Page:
‘The need to belong is both a gift and a curse’.
Explain the positive and negative consequences of the human need to belong, referring closely to your prescribed text As You Like It and two other related texts.
The need to belong can cause us to develop comforting relationships, powerful social groups, productive workplace teams, and inspiring religious and national bonds. But it can also be responsible for hurtful and damaging behaviour when those who are unable or unwilling to adapt are forced to conform or are completely excluded. These two aspects of belonging are evident in Shakespeare’s As You Like It, and Kevin Costner’s film Dances with Wolves and W.H. Auden’s satiric poem ‘The Unknown Citizen’.
Shakespeare makes us aware of the contrasting qualities of the natural harmonious forest (where everyone seems contented and loving) and the corrupt, pompous court, controlled by the usurper Duke Frederick with his use of symbolic juxtaposition and allusion to. His fury over his daughter’s close relationship with Rosalind (the daughter of the displaced Duke Senior) reinforces their close bond. Celia describes the two of them with a harmonious image from the natural world: “coupled and inseparable..like Juno’s swans”. Dramatically, Shakespeare emphasises their closeness by including their good-hearted banter, and having them adopt disguises before entering the forest. Their supportive relationship gives them strength, so that instead of feeling grief as a result of their expulsion from court, they focus on the positive. Celia’s comments help us to see court and forest as binary opposites when she declares “now go we in content to liberty and not to banishment.” Shakespeare shows us how belonging in a close relationships can bring strength, but how this exclusivity may also be seen as a threat by others.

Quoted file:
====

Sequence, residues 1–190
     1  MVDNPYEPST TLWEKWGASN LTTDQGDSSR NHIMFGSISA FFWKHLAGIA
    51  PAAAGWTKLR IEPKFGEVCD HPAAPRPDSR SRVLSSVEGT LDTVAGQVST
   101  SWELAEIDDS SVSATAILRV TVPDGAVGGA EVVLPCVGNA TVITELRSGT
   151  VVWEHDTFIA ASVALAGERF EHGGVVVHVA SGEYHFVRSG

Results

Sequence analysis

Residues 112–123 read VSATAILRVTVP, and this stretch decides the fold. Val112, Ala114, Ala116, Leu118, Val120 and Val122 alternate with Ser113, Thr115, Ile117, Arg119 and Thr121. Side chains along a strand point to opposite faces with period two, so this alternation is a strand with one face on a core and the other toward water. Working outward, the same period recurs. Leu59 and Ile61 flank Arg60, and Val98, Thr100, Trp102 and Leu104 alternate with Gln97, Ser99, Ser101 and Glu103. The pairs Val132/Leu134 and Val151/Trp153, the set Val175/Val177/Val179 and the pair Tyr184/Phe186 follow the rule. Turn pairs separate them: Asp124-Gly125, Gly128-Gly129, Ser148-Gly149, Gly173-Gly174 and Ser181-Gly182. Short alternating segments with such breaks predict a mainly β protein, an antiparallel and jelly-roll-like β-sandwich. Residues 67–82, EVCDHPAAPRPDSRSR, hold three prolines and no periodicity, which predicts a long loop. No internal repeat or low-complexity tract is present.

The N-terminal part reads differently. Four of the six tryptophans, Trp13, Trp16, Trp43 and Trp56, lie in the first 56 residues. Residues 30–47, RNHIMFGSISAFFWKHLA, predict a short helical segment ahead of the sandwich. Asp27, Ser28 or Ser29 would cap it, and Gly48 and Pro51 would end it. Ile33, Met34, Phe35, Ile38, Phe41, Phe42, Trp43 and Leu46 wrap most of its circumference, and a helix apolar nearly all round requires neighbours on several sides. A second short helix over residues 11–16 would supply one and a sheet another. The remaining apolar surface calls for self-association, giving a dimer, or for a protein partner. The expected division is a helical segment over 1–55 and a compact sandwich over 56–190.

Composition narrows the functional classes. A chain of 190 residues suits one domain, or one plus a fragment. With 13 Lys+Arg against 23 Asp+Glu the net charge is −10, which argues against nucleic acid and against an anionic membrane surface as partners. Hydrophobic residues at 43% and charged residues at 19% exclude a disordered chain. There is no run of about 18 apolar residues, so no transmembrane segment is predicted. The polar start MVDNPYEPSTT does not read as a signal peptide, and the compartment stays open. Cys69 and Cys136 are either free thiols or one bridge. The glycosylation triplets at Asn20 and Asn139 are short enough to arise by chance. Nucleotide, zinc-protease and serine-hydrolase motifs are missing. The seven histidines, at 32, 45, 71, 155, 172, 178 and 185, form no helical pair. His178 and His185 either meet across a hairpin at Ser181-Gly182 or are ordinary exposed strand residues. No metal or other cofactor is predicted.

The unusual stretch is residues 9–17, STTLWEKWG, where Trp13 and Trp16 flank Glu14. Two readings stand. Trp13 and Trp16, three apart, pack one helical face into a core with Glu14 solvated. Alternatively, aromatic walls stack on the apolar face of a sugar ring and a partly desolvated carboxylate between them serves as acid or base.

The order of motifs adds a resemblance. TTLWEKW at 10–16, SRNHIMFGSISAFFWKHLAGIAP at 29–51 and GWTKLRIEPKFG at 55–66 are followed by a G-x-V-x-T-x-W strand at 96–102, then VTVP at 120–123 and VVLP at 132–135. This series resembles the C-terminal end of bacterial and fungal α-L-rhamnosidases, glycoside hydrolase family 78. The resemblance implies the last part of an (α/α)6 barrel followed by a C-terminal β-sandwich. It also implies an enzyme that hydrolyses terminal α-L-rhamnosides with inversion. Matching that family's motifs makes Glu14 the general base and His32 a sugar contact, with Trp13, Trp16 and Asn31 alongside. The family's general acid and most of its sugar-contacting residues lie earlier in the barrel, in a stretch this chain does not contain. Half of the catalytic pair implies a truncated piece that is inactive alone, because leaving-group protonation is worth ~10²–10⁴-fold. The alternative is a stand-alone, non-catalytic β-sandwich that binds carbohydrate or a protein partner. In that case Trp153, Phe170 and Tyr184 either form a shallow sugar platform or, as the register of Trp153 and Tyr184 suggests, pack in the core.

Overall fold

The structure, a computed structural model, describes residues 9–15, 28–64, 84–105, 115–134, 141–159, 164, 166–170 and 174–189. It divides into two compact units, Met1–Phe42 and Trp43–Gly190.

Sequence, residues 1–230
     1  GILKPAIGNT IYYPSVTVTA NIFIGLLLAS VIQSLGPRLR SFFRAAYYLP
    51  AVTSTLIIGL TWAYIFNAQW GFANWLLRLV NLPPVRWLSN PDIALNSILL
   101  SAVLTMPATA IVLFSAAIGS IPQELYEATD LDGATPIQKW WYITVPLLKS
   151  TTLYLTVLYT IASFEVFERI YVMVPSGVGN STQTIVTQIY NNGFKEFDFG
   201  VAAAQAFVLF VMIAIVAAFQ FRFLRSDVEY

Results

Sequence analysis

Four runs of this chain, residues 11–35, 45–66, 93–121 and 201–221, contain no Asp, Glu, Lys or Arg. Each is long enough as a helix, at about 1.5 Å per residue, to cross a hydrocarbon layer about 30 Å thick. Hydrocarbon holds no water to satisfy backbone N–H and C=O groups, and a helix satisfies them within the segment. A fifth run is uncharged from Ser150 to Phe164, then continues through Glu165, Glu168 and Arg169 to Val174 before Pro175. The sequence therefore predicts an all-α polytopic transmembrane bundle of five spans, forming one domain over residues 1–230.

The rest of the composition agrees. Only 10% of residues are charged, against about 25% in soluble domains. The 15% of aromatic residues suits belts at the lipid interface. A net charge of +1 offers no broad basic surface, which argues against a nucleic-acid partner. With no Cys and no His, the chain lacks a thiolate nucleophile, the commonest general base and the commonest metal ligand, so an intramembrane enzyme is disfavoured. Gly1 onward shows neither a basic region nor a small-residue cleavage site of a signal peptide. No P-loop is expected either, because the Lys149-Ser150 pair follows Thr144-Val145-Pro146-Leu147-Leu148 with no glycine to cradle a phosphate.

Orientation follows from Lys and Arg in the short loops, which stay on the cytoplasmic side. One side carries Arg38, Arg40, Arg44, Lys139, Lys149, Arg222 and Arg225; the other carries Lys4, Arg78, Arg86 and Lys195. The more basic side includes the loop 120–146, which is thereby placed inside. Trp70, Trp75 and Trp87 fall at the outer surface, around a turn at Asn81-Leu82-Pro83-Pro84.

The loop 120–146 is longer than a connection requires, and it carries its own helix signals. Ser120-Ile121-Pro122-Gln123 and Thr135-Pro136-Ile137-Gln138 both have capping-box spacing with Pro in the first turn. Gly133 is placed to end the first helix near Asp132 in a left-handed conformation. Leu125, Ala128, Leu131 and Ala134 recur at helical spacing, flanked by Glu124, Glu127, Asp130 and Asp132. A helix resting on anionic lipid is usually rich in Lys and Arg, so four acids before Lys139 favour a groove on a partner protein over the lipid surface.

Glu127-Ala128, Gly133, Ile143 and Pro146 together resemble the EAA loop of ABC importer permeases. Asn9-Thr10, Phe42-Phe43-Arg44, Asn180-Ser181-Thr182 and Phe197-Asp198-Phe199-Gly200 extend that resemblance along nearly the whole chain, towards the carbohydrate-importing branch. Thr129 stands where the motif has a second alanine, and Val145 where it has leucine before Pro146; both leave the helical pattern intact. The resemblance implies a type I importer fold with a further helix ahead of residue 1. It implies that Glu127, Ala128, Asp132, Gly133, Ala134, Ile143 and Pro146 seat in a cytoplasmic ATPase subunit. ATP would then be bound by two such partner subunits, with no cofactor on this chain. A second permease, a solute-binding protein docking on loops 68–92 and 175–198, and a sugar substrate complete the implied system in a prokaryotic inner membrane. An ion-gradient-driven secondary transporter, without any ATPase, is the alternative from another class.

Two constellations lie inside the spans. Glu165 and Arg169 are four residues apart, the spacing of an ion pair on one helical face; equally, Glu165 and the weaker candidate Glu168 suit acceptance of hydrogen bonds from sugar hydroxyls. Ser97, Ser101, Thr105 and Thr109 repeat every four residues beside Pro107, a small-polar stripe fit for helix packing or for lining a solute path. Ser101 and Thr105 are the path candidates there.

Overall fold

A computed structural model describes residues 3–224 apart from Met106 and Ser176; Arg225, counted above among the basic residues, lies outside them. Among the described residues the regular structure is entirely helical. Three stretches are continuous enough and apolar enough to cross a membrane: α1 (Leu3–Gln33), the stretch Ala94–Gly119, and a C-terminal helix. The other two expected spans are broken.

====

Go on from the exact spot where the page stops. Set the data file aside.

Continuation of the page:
Another text which shows a surprising response to exile is Kevin Costner’s Academy award-winning film “Dances with Wolves”. In it the main character,...
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